Hearthstone

The bittersweet year of one of Hearthstone's most dedicated grinders — Tylerootd

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It's tough being an esports player. Sure, it might sound fantastic to play video games for a living. But for the cream of the crop, it means hours after hours of grinding until the mind goes numb and you can't stand the sight of the game you love so much anymore. And if that's not enough, sometimes the universe deals you a bad hand too.

For Tyler Hoang Nguyen the past year was nothing if not a wild rollercoaster. He made the decision to move halfway across the globe and set out with one goal in mind: to become the points leader and qualify for the World Championships. As if that fight wasn't enough, another one had to be fought almost immediately after: the fight for his father's life.


Of all the places in The Netherlands, you grew up in the remote province of Friesland. How did that happen?

I was actually born in Indonesia. My parents were refugees, and they illegally left Vietnam with a boat. When they were stranded at sea, Indonesia picked them up and they got asylum there for two years. While they were there they had me, accidentally. [Laughs] When they were in Indonesia, they had to make a top three of countries they'd want to be sent to. My parents put The Netherlands at #1, simply because there was another family that had come here and had written letters saying that The Netherlands was heaven. It was the best country ever.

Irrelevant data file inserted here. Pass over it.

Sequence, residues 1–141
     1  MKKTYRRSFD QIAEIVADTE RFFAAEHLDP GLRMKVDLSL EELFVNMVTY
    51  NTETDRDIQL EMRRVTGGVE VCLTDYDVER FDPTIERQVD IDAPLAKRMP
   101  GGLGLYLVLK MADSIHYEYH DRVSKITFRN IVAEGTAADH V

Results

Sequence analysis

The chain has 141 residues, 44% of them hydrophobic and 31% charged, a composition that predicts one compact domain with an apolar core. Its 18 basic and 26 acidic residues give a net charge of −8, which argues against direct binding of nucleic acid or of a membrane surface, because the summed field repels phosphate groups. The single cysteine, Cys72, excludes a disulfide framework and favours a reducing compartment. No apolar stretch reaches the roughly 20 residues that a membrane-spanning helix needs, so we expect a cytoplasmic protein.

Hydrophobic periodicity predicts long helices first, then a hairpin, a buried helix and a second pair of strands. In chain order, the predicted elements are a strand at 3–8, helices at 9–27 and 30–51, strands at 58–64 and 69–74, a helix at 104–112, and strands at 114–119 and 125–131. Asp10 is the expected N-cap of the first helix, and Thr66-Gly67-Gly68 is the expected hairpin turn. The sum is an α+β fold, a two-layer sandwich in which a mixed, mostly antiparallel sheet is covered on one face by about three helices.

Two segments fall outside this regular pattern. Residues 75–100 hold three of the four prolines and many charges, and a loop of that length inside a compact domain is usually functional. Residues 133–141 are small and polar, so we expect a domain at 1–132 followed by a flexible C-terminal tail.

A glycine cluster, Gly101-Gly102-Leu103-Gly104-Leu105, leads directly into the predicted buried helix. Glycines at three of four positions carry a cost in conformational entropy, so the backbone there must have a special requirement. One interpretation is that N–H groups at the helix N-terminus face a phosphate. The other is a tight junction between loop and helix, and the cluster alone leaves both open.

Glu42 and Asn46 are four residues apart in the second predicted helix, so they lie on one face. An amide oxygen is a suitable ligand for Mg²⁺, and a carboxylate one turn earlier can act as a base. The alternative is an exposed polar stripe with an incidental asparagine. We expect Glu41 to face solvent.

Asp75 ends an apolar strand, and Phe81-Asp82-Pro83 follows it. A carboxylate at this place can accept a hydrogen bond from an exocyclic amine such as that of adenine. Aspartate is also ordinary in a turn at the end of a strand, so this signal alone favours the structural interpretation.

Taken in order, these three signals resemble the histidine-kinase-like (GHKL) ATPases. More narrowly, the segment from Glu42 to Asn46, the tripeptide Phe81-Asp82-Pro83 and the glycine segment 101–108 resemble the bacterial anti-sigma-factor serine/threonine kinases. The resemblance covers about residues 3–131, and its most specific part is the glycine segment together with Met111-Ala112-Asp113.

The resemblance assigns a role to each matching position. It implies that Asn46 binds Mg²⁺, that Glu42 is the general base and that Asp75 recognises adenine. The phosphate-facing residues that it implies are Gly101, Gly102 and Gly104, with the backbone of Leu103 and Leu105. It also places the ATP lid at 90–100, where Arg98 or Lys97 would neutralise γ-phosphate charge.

We got to go to The Netherlands when I was about three months old. At first my parents were placed in some different city, I don't know which one, until the government started placing families in different places where there was housing available. Some Vietnamese people were placed in Purmerend, some were put in Leeuwarden - which is where we were randomly put in.

 

"My parents went to The Netherlands to give their kids a better future.
So once they got there, they tried to spoil us as much as possible."

 

So there's a small Vietnamese community over there?

Pretty much. There are a few families that came with us at the same time. My best childhood friend and I hung out from when we were around on year old until we were fifteen/sixteen. I still keep in touch with the guy. Our families get along greatly - my mom and the other woman are still best friends now.

 






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Aside from football, breakdancing and Hearthstone, Tyler has a passion for photography.

 

What was it like growing up there, being a kid to refugees in a completely foreign country?

I had a pretty good childhood, the state took really good care of us. My parents were simply living off of welfare and they were going to school to learn Dutch - they couldn't get a job because they didn't speak the language. Despite that, the money they received was more than enough to live on. We didn't get insane amounts of money, but no one was living in poverty. It was enough to eat, and it was enough to go out once in a while and do some fun stuff. My parents went to The Netherlands to give their kids a better future. So once they got there, they tried to spoil us as much as possible.

My parents are the most carefree people ever. They never put any pressure on me to study for school or whatever, they just let me do my thing. Traditional Asian parents force their kids to go to school and such; I dropped out of college. My parents were super cool with it. The thing is, if I didn't drop out of college, I probably would never have gotten to this point where I'm playing Hearthstone professionally. I'm feel like I'm very privileged.

Setting the bar even higher

Within the Hearthstone community, you're known as this grinder who can easily stitch 20 hour sessions together. Where did that come from?